About the work
By combining process painting and abstraction with found and collected graphic artifacts from promotional adverts and poster art, Lincoln Penn Hancock’s new work mines late twentieth-century visual vernacular to imbue the everyday with new indications and meaning. Interrogating cultural arenas such as sport and the art market, Hancock locates material resonances through intuitive juxtapositions of paint and print; commercial and poetic expression. He leverages improvised applications of color and collage to coax the emergence of images exploring memory, meaning, and modernity.
Hancock references idiomatic forms of recall and celebration through subversive acts of détournement. Merging the visual rhetorics of painting and graphic design, he creates work that asks viewers to reconsider their own relationships with prevailing emotional narratives. The paintings circumvent a linear response, acknowledging that the gap between the facts and our experience of them is, in fact, a productive space. In Hancock’s work, everything accrues into layered objects and experiences that refer to specific histories, but speak for themselves as living records of a spontaneous studio process.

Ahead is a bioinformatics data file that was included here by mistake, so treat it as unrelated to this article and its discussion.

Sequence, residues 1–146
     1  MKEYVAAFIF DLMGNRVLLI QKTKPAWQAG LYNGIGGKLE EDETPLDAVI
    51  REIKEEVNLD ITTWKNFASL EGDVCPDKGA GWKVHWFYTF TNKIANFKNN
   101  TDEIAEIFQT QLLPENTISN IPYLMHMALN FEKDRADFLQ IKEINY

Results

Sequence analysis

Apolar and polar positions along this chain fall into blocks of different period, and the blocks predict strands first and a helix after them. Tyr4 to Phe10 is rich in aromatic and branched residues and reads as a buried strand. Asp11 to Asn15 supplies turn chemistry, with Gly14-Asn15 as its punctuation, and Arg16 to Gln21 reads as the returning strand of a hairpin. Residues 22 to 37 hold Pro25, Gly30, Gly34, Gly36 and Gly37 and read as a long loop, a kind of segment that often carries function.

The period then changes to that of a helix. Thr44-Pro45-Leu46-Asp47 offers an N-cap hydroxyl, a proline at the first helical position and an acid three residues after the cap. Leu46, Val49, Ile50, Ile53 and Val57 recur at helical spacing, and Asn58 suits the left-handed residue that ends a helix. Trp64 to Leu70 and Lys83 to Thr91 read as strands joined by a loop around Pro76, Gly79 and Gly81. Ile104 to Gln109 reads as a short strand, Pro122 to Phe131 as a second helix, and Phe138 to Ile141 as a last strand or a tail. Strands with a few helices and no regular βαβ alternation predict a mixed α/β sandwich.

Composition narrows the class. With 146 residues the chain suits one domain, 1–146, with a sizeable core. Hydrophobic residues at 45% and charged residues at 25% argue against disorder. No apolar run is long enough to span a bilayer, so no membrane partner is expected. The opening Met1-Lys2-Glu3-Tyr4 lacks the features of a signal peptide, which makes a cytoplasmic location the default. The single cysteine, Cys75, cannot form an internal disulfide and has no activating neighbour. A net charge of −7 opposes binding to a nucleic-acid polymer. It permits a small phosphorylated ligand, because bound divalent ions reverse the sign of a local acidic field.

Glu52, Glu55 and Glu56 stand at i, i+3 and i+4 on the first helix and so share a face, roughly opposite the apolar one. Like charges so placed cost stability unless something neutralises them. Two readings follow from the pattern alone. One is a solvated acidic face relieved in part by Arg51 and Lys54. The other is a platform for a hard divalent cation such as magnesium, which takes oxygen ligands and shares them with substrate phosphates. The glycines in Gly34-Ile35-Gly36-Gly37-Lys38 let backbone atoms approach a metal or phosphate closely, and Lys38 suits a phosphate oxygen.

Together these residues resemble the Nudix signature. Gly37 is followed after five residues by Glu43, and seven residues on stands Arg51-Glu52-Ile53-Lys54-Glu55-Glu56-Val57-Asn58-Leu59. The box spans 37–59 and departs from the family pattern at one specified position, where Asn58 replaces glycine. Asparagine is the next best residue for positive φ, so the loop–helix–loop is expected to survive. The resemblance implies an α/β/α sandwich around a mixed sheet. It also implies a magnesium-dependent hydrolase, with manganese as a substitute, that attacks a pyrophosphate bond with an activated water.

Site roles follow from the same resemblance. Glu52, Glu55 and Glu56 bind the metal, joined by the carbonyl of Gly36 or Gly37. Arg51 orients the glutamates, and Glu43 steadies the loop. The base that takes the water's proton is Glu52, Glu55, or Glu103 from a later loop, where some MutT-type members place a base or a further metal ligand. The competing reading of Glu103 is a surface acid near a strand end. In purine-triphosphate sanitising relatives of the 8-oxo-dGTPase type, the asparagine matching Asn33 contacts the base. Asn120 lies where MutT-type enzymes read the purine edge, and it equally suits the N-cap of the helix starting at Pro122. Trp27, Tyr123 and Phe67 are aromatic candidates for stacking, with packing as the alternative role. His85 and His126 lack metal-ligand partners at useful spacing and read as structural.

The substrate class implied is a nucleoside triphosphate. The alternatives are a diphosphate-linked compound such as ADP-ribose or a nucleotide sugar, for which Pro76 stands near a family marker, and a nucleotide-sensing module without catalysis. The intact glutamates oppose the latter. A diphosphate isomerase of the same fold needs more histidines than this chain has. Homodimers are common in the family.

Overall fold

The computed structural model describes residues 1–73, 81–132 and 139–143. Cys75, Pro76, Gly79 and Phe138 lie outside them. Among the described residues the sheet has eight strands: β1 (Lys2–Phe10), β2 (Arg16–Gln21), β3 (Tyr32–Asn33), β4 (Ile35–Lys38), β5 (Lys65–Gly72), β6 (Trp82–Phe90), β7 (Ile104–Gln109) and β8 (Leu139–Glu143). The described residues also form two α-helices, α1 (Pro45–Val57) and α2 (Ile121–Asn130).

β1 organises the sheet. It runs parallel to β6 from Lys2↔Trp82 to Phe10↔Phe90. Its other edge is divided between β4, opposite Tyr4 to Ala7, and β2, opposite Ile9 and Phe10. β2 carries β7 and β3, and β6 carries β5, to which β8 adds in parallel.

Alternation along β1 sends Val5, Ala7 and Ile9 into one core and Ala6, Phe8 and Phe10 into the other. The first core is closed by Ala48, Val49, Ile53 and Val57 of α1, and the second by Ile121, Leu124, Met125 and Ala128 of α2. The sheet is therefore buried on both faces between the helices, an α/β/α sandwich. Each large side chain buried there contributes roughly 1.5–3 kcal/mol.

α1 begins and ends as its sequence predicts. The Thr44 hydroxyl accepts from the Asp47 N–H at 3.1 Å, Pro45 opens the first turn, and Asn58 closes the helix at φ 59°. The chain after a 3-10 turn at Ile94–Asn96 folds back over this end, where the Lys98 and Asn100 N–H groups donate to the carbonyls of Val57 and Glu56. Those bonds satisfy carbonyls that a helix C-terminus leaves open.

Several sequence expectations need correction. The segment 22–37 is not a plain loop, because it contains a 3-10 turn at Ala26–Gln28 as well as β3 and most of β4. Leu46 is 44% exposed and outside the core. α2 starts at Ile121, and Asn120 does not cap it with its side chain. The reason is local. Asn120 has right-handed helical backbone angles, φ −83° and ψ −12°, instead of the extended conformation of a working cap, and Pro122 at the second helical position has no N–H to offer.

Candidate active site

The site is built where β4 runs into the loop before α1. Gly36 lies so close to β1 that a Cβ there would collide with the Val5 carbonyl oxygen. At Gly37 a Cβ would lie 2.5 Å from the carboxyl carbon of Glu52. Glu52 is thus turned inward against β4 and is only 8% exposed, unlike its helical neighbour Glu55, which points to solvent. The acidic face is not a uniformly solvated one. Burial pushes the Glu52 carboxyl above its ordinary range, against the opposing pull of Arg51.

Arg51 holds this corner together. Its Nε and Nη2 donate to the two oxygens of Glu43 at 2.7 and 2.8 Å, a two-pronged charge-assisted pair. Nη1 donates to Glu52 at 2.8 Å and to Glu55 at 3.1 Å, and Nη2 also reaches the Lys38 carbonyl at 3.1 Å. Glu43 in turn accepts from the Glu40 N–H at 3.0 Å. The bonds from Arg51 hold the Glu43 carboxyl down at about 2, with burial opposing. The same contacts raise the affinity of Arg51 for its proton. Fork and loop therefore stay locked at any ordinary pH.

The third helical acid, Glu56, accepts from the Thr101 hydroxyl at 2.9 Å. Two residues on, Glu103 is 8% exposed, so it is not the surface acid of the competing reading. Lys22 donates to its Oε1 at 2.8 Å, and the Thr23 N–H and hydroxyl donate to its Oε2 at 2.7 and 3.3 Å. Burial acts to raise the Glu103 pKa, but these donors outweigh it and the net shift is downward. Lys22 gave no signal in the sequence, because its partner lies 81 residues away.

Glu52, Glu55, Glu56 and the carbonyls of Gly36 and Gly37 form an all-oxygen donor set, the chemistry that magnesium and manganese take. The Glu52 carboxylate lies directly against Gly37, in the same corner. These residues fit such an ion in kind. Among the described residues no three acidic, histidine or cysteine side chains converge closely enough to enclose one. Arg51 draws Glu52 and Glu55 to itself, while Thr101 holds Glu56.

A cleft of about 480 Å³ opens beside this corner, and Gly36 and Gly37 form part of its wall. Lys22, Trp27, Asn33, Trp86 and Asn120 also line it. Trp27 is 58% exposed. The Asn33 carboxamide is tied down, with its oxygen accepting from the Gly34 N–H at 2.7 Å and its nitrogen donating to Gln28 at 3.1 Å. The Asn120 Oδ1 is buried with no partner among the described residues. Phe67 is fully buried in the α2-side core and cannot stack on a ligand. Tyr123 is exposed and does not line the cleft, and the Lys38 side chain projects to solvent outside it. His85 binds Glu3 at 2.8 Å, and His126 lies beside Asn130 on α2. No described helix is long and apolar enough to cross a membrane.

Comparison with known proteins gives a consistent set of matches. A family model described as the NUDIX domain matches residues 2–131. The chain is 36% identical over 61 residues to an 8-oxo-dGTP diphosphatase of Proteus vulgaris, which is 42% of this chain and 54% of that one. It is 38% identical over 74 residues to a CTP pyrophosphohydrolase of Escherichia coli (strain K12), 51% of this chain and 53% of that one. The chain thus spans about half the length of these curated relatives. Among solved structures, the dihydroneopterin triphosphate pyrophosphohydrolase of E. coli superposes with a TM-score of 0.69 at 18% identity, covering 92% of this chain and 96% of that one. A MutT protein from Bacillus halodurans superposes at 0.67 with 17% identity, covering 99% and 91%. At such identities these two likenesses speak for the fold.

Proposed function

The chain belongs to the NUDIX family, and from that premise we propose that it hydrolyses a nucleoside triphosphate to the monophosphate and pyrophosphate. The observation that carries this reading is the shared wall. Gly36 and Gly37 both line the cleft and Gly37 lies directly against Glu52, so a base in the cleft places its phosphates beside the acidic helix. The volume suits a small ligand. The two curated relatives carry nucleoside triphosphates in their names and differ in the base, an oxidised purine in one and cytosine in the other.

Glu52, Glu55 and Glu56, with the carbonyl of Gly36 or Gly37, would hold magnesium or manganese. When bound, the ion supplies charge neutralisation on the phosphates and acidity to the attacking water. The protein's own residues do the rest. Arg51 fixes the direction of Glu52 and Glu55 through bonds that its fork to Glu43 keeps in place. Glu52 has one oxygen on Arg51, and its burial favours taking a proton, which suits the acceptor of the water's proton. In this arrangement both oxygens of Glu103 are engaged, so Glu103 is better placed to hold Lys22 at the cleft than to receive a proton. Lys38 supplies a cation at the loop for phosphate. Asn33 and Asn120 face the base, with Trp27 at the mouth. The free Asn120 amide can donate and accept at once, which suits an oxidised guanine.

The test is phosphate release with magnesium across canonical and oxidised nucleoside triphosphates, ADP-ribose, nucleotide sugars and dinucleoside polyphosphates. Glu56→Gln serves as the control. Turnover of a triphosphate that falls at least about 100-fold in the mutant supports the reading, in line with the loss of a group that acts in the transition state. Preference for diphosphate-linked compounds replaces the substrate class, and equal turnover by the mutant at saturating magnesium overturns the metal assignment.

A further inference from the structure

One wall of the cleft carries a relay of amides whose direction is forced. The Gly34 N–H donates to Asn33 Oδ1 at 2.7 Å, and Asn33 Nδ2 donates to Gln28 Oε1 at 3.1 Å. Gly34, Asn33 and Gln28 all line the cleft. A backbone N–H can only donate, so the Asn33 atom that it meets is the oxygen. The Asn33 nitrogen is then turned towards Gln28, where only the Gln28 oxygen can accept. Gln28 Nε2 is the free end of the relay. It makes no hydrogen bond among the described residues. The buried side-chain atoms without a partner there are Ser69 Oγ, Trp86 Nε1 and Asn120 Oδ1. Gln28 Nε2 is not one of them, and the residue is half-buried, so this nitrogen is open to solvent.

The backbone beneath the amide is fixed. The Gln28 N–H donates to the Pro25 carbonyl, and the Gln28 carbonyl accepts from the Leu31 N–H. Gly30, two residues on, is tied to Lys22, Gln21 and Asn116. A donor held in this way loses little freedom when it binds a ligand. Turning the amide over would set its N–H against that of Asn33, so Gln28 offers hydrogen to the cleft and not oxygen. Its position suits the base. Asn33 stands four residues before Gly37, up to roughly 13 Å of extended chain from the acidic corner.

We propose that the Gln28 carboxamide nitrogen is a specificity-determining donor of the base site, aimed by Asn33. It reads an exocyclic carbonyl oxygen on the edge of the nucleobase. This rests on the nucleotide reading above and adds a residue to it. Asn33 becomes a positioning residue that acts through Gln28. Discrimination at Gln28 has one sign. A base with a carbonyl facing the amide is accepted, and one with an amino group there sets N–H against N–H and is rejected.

In his essay “Against the Weather,” William Carlos Williams describes the tyranny of dead and copied forms inherited from the past — “the accumulated weight of a thousand voices” — that admonish attempts to evoke new truths. “The structure of the old is active, it says no!,” the poet warns. As a response to the heavy imposition of expectation and pre-fixed interpretation in the studio, Hancock relies on a mantra adapted from Williams: “EVERYTHING THAT WANTS TO SAY YES.” Keeping the prescribed historical take of an auto-critical apparatus at arm’s length, Hancock continues working towards a full embrace of the new.